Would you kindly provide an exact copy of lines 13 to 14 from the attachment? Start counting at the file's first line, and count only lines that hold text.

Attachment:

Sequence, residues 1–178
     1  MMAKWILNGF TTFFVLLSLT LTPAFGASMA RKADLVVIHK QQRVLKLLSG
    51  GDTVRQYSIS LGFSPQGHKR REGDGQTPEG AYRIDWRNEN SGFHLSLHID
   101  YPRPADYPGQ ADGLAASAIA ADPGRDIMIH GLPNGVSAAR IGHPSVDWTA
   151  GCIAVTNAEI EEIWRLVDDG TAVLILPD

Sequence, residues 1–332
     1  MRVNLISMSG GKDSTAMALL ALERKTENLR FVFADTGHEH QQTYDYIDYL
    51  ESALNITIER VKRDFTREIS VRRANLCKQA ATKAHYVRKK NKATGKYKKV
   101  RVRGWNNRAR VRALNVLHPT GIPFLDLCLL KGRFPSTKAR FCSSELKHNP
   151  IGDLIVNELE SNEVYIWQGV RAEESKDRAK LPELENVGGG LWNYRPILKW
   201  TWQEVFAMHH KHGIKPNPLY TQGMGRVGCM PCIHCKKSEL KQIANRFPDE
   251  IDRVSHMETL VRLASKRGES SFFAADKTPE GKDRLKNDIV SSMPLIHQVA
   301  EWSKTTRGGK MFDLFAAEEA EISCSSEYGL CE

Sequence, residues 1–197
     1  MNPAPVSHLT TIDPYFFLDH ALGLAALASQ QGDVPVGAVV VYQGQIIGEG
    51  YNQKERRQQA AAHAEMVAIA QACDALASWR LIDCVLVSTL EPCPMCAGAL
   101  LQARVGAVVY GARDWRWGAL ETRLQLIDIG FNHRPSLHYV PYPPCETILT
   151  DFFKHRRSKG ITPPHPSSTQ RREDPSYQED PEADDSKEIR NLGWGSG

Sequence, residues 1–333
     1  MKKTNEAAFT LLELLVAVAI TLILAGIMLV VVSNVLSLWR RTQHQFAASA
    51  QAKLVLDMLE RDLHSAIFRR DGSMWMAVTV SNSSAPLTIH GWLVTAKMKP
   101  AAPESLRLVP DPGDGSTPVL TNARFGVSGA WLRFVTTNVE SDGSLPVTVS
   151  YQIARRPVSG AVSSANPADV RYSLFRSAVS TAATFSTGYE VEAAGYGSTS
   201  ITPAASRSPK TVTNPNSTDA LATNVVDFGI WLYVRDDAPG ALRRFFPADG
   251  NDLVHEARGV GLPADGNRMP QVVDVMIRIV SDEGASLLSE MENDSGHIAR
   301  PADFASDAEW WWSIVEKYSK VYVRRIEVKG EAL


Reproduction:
   301  EWSKTTRGGK MFDLFAAEEA EISCSSEYGL CE

Sequence, residues 1–197